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Russia’s pragmatic plans for the Middle East

Last December, Russian President Vladimir Putin made a surprise visit to the Hmeimim air base in Syria and triumphantly announced mission accomplished for Russian forces combatting Daesh. During the accompanying photo opportunity, Russian Defense Minister Sergey Shoigu ushered Syrian President Bashar Assad out of sight; this was Putin’s moment and he, for all intents and purposes, is Assad’s master. With Russian ambitions in Lebanon becoming clearer and significant relationships with both Iran and Saudi Arabia, how the Kremlin’s Middle East policy develops is of great interest.
Two-and-a-half years since Russia’s military involvement in Syria began, it is clear that the region has remained a focus of Moscow. However, in the absence of a long-term regional strategy, Russian engagement remains transactional and pragmatic. It is necessary to look at the wider geopolitical, economic and diplomatic facets to Russia’s policies to understand the nature, extent and limitations of Russian engagement in the Middle East.
A lack of US commitment to the region has not been the only driver of Russian policy. Early on in his time in office, Putin made several key regional visits, becoming the first Russian leader to visit Israel and the UAE. Since then, Russia has sought to make itself relevant in the Middle East, taking part in the P5+1 negotiations with Iran, putting forward its own Middle East peace plan and, most recently, hosting a conference in Sochi in direct parallel to UN-sponsored talks aimed at resolving the Syrian crisis. This is a marked change from Soviet policy and indeed Boris Yeltsin’s term. Eager to position itself as a global power, Russia has decided it should play a role in the region and be at the table for key negotiations and decisions.
Russia’s chief geopolitical concern is to continue to project power in the Eastern Mediterranean. The long-term viability of its Syrian bases at Latakia and Tartus was the major driver of Moscow’s involvement in the Syrian conflict, as bases on the Mediterranean enable Russia to mount a direct challenge to the United States and its NATO allies. Even if Putin’s commitment to the Assad regime at times wavers, Russia’s attachment to its bases is paramount. The limited military involvement suits Russia’s traditional preference for avoiding direct engagement. Without the military and financial resources to pursue a long-term conflict, Moscow is pursuing a policy of destabilization as opposed to one of domination.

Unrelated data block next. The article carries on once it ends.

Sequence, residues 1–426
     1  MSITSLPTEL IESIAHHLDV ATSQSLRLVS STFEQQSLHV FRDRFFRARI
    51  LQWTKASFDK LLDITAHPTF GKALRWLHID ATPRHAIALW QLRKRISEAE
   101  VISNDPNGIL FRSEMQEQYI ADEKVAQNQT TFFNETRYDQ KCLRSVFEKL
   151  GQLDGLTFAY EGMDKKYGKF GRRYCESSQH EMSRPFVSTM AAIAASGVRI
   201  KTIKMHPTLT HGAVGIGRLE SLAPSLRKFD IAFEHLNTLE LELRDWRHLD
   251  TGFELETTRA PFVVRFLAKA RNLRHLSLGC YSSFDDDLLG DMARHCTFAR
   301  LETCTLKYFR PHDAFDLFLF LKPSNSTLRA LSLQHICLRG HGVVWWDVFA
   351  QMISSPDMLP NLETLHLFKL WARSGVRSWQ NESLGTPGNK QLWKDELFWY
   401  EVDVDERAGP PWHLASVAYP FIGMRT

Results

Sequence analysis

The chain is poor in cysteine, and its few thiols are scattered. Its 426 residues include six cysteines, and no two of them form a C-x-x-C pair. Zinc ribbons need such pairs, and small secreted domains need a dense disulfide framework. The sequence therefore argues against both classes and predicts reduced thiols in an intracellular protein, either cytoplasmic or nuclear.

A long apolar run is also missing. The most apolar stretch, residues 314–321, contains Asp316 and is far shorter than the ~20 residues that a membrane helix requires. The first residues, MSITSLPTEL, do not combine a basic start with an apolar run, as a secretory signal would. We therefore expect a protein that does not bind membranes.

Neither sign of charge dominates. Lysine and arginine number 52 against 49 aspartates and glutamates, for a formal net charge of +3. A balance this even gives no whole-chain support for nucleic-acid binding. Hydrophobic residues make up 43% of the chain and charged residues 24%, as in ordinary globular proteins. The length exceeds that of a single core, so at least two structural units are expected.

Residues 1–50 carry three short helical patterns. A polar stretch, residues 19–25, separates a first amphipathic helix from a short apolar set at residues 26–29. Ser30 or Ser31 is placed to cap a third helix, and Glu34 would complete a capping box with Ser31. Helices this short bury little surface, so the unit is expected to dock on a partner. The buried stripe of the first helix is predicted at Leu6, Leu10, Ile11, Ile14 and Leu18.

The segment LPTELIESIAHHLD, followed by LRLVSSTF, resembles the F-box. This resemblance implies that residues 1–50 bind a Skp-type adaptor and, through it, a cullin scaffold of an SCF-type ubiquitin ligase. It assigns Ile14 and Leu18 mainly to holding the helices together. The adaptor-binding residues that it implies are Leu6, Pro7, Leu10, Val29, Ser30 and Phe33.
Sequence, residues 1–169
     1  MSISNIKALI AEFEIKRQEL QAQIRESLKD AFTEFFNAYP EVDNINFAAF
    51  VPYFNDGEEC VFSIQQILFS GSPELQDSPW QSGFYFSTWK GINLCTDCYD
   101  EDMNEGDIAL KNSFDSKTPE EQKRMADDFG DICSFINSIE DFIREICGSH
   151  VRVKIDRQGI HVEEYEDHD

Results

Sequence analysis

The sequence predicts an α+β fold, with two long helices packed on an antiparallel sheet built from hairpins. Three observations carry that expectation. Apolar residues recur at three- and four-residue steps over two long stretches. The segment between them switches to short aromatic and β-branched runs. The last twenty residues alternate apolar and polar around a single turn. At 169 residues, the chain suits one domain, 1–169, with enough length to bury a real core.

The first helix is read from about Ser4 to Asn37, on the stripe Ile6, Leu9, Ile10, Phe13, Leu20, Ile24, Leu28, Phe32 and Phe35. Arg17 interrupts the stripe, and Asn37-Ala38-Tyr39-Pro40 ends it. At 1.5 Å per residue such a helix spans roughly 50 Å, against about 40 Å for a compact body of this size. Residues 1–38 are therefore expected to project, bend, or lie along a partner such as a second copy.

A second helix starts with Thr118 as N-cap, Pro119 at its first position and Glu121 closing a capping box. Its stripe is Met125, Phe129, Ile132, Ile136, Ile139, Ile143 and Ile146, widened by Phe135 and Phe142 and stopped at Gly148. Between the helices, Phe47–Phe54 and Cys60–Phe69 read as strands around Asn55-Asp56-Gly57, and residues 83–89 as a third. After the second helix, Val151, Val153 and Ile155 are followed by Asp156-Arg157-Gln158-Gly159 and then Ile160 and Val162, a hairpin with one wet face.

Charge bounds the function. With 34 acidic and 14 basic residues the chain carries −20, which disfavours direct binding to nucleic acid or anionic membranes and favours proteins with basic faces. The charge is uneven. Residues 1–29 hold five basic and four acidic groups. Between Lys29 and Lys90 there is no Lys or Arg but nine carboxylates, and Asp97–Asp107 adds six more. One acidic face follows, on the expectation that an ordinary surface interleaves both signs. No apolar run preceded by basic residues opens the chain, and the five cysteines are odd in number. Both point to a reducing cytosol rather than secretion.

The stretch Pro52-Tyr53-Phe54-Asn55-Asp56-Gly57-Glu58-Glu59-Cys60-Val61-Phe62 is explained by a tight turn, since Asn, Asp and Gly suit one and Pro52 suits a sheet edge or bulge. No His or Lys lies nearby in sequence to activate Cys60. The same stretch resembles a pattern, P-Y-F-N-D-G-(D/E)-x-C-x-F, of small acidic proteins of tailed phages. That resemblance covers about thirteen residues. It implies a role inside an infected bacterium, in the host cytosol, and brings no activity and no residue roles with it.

Pursuing a discourse that has come to equate status quo preservation in the region with reduced terrorist threats, the Kremlin has sought to position itself as a reliable alternative for Middle Eastern leaders concerned with the specter of US regional withdrawal.

Zaid M. Belbagi

Diplomatically, Russia was greatly disappointed by the US engagements in Iraq and Libya, and has gone some way to countering that by building its own relationships in the region. The wave of democratic sentiment brought about by the Arab Spring left Putin alarmed and his support of the Assad regime is reflective of his vision to support stable autocracy in lieu of unsteady democracy. To Russian policy-makers, change should occur though constitutional alterations and not through popular uprising. It is for that reason Russia has involved itself in regional conflicts on the side of state actors, blaming the West for the current tumult across the Middle East. 
Pursuing a discourse that has come to equate status quo preservation in the Middle East with reduced terrorist threats, the Kremlin has sought to position itself as a reliable alternative for Middle Eastern leaders concerned with the specter of US regional withdrawal.
With economic issues at home, trade with the Middle East has been a priority for the Russian government. And with US arms sales often delayed due to human rights concerns and a desire to maintain Israel’s military edge, Russia has been keen to pursue a “no strings attached” policy in regards to its weapons sales. Free from the bureaucratic brakes imposed by US sales, Russian state arms seller Rosoboronexport has been able to provide attack helicopters to the Iraqis whilst simultaneously providing missiles to the Syrians. Middle Eastern countries now account for more than a third of Russian arms deliveries as economic ties grow. 
The presence of an alternative defense partner is critical to some states as they seek to make themselves less vulnerable to changes in US policy. For example, Cairo signed a $3.5 billion arms deal with Russia after US military aid was halted in the wake of President Mohammed Morsi’s 2013 ousting by the Egyptian military.
With the Saudis critical to Russian considerations on oil, the Turks a huge importer of Russian gas and the US overall less engaged in the region, Putin is only too ready to fill the void in the Middle East. Recently faced with the prospect of Gulf aid drying up, the Lebanese army openly considered proposals of Russian military assistance. Had Russian support for the army materialized, it would have signified a fait accompli for Russian diplomacy in the region, allying itself with both Hezbollah and the Lebanese army. The entire episode has highlighted how pragmatic Russian policies have produced great strategic gain and that the Kremlin's designs on the region should not go unchecked.

• Zaid M. Belbagi is a political commentator and an adviser to private clients between London and the Gulf Cooperation Council (GCC).
Twitter: @Moulay_Zaid